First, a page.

Hurricane Sandy and the Presidential Election
What an incumbent has to gain—and lose—from a natural disaster
An October surprise is usually something ginned up by a political campaign, but this year it seems that mother nature has one up her sleeve, in the form of Hurricane Sandy. What effect might this have on the election? Here are two data points that nature's oppo researchers might have considered.
According to a historical analysis by the political scientists Christopher H Achen and Larry M Bartels, fluke natural disasters–droughts, flu epidemics, even shark attacks–tend to damage an incumbent by association:
We find that voters regularly punish governments for acts of God, including droughts, floods, and shark attacks. As long as responsibility for the event itself (or more commonly, for its amelioration) can somehow be attributed to the government in a story persuasive within the folk culture, the electorate will take out its frustrations on the incumbents and vote for out-parties.
But another study by the political scientist Andrew Reeves finds that electorates are more responsive to an incumbent's handling of a disaster than to the disaster itself:
In a county-level analysis of gubernatorial and presidential elections from 1970 to 2006, we examine the effects of weather events and governmental responses. We find that electorates punish presidents and governors for severe weather damage. However, we find that these effects are dwarfed by the response of attentive electorates to the actions of their officials. When the president rejects a request by the governor for federal assistance, the president is punished and the governor is rewarded at the polls.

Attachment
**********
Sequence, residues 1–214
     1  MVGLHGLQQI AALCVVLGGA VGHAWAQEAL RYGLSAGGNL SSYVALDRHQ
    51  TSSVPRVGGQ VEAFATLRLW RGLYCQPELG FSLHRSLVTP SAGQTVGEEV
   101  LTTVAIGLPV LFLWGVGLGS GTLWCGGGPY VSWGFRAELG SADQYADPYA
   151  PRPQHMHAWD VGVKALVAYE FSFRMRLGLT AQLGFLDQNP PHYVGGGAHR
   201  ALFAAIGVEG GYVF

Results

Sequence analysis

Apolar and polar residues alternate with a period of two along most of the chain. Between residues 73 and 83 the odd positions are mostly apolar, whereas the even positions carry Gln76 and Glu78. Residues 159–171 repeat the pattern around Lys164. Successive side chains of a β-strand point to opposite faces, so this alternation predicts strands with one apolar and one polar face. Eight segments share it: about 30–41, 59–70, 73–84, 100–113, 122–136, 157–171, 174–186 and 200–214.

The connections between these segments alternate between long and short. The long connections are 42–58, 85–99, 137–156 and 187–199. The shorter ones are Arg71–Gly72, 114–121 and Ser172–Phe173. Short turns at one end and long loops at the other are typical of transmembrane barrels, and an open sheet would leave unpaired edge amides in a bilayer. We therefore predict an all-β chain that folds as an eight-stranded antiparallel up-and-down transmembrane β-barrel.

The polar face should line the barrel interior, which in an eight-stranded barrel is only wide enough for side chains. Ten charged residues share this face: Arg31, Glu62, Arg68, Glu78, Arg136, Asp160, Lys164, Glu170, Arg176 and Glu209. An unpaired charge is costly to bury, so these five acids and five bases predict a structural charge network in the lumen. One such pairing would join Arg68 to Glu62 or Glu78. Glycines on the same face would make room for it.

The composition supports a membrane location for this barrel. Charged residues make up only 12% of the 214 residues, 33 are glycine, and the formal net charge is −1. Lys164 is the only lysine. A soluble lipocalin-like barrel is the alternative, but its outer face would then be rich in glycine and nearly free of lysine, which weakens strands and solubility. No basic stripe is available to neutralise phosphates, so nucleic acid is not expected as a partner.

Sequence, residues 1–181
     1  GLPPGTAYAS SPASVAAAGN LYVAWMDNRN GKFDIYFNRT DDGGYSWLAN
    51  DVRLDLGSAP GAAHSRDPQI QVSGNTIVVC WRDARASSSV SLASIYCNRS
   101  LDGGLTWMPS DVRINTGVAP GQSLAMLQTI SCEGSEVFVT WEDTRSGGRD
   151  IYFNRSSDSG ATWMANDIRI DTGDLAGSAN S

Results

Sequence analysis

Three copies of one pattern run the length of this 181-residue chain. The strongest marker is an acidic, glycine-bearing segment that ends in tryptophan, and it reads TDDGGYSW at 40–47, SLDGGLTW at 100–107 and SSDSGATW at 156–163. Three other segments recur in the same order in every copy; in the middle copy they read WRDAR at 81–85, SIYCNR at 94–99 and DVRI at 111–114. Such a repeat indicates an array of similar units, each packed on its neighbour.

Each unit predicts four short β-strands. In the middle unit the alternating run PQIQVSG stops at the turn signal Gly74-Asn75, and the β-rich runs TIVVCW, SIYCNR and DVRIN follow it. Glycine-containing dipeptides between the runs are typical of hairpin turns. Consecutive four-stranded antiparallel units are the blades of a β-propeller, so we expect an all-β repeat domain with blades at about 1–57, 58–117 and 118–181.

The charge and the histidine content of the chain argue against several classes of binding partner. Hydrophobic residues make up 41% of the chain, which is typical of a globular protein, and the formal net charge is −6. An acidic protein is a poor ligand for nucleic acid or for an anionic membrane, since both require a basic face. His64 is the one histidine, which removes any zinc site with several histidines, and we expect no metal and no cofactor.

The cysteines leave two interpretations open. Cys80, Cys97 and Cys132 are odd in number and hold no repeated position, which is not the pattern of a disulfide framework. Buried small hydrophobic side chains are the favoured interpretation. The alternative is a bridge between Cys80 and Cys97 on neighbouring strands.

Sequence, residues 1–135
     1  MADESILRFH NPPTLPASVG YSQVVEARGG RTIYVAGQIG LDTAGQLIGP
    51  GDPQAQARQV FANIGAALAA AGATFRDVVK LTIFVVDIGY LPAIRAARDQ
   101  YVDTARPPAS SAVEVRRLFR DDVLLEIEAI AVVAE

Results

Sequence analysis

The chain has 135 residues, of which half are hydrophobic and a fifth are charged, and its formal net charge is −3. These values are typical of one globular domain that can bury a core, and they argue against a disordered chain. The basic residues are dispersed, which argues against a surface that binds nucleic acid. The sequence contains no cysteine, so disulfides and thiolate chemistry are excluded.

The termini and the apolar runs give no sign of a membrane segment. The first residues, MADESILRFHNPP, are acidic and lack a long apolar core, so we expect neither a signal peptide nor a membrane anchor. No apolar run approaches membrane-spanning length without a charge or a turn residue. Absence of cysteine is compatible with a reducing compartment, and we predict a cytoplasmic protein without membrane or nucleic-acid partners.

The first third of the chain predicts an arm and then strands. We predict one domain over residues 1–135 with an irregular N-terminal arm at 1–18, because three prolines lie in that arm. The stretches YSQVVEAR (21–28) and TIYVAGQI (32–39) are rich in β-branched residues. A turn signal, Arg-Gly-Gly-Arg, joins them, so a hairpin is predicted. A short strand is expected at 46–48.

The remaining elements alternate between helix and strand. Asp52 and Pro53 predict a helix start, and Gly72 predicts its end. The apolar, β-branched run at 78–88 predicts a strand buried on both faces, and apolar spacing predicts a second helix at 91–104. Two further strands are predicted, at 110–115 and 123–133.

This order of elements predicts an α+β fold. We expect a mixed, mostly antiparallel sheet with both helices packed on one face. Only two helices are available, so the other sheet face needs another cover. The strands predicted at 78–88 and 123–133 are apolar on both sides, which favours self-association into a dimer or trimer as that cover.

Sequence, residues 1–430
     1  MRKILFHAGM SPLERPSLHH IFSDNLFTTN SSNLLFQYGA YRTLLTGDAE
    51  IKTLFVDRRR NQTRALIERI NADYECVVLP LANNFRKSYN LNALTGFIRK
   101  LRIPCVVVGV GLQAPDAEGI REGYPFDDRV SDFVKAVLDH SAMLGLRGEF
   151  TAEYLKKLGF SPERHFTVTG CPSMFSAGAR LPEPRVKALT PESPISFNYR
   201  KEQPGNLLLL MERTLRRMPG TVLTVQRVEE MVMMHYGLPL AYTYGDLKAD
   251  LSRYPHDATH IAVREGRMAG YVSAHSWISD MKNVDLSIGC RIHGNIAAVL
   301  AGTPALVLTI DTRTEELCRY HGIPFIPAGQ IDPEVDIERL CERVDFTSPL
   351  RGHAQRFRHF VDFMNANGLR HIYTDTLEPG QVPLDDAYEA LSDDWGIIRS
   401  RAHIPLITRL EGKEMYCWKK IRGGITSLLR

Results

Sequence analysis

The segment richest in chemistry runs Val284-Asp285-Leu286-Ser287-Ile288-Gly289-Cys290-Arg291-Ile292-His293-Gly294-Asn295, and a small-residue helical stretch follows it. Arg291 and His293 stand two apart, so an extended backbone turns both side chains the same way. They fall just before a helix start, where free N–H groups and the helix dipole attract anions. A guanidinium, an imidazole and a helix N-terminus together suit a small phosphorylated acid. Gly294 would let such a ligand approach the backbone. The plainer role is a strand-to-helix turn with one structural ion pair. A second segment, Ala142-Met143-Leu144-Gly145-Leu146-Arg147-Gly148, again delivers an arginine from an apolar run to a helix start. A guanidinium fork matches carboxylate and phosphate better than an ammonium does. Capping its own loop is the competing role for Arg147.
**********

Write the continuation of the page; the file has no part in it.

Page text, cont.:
So it goes without saying that the federal and state response to the storm will matter a lot. As for other potential ramifications, Ed Kilgore over at the Washington Monthly points out that mass blackouts could put a major damper on those massive last-minute TV ad campaigns that both campaigns are about to roll out. Infer what you will about God's opinion of political ad spending.
Meanwhile, as someone with many loved ones in the Washington DC area, I'm primarily concerned about the safety of my friends–and that of the reported 66+ million people in the storm's flight path.